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The United States 2020 Presidential election has been called by pretty much every organization that covers the event in any capacity and while the final decision is not made until the special club that is the electoral college has presented its final decision, it’s apparent that Joe Biden will be the next president of the united states.

This is the first time in almost 3 decades that an incumbent president has been voted out before serving a second term and it has come in the midst of national and global catastrophes galore.

To add fuel to a fire that threatens to ignite the global economy, the outgoing president has been vehemently challenging the results which is casting doubt over the smoothness of the transition, the continuation of much-needed government support, and the foundation of the nation’s systems in their entirety.

And this all begs the question, either unwittingly or maliciously, how much damage could a president do to the American economy, and by extension the global economy.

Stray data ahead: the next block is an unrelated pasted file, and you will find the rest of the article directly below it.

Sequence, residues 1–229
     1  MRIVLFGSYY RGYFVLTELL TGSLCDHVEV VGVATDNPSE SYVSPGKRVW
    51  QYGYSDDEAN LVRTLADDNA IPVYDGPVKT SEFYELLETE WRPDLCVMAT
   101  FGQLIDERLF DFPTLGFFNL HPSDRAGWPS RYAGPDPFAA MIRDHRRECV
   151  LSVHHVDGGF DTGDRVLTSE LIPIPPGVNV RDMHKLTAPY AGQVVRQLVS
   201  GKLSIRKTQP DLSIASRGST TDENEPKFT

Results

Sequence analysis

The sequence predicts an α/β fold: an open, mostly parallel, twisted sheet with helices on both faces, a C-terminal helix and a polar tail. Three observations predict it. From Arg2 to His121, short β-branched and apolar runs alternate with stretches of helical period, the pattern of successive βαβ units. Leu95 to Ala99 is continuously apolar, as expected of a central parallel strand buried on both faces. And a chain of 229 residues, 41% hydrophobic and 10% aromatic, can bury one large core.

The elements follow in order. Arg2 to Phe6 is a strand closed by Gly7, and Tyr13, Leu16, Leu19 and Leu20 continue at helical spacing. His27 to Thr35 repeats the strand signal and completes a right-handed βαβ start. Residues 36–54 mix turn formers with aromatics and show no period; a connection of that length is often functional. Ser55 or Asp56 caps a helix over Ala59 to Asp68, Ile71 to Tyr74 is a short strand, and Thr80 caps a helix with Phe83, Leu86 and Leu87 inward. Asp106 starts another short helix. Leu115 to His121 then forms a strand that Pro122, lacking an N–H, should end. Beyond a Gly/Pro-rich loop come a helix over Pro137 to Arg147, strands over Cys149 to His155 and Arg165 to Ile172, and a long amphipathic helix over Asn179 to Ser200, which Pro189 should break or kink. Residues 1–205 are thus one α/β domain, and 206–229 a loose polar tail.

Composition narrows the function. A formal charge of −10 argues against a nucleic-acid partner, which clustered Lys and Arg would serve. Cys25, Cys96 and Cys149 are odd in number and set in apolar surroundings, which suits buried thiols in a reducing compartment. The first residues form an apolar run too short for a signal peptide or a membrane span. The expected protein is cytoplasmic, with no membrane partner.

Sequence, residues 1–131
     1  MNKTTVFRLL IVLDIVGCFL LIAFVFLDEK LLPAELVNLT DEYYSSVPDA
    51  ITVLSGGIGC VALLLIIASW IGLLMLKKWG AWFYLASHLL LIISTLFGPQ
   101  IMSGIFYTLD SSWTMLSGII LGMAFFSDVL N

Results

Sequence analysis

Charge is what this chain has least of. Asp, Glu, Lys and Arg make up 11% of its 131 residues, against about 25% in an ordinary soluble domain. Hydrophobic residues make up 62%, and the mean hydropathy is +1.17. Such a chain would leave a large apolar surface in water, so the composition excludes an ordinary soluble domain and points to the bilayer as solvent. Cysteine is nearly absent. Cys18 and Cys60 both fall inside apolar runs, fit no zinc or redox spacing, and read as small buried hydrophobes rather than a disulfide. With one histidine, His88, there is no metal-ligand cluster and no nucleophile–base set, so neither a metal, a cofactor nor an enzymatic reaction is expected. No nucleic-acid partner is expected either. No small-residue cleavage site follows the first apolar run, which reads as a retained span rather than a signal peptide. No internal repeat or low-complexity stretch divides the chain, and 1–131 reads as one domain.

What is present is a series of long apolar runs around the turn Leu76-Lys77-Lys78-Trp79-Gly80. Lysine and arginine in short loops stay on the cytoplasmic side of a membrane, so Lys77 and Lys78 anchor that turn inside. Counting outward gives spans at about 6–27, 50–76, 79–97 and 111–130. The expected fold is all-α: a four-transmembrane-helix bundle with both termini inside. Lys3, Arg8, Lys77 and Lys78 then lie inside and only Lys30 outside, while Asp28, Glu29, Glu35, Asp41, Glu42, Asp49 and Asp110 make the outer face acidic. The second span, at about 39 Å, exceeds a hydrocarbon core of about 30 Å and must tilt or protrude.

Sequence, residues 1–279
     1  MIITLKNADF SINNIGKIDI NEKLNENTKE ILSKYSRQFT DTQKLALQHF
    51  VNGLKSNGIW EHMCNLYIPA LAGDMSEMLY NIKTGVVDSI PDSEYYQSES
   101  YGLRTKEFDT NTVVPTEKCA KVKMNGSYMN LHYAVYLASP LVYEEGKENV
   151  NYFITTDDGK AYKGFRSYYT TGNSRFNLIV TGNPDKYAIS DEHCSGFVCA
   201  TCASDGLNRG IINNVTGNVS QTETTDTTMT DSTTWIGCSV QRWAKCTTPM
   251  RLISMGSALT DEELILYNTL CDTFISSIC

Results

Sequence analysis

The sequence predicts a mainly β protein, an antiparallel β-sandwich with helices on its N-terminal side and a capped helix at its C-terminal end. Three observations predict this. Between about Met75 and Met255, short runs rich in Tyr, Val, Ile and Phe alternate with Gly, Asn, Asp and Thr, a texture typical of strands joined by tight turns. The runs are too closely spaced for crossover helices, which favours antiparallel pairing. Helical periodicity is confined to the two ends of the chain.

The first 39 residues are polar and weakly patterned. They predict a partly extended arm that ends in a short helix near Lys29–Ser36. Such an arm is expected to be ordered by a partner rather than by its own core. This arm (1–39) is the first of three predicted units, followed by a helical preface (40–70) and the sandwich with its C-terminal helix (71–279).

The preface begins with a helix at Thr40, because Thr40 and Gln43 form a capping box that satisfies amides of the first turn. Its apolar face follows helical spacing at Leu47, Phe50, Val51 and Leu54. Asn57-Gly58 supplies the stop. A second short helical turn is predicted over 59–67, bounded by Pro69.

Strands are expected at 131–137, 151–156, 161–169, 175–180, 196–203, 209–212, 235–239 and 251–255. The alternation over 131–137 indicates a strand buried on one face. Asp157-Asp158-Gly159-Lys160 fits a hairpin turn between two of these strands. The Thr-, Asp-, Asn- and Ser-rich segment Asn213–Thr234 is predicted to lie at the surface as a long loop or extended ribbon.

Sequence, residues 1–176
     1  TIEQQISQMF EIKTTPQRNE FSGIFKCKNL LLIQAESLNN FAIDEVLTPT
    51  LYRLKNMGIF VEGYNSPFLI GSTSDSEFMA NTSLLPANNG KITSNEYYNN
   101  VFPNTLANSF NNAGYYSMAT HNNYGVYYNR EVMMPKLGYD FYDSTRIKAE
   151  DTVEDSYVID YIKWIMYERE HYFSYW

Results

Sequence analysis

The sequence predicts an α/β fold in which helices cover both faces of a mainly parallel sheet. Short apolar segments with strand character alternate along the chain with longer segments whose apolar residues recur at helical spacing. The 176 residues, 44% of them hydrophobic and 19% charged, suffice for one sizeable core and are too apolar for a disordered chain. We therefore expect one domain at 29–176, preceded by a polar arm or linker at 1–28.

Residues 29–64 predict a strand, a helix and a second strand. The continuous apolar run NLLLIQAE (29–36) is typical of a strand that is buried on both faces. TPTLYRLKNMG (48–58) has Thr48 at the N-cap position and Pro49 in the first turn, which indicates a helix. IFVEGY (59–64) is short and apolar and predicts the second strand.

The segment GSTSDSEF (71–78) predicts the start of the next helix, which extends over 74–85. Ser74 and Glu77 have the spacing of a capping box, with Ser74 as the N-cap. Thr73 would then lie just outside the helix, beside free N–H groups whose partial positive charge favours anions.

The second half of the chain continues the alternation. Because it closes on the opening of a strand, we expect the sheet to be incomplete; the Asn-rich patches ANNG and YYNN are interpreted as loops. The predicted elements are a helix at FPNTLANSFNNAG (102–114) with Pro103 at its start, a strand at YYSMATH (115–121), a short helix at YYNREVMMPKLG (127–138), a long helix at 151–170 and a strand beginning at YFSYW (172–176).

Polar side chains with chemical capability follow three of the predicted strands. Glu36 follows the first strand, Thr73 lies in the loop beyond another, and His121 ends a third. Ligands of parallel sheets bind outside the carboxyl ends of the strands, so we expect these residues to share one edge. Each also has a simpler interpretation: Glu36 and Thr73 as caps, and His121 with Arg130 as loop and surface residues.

There are checks and balances in place to control the influence of any one man in the united states around things that were relevant when those checks and balances were been written. But it must be remembered economies back then depended a lot more on successful harvests, and a lot less on tweets.

Our modern economies are incredibly complex and incredibly fine-tuned, but complex fine-tuned things tend to be very easy to break, and the outcomes of throwing a proverbial spanner into the works could be just as devastating.

Thousands of people die when unemployment rises, and many more could lose access to healthcare, housing and livelihoods during even a minor period of economic turbulence.

All of this is to say that a president waging war on an economy could be just as dangerous as waging war on a nation.

So

What kind of influence does a president directly have over an economy?

Do they deserve the credit for things going well?

And what could a president do to tank the economy if they really wanted to?

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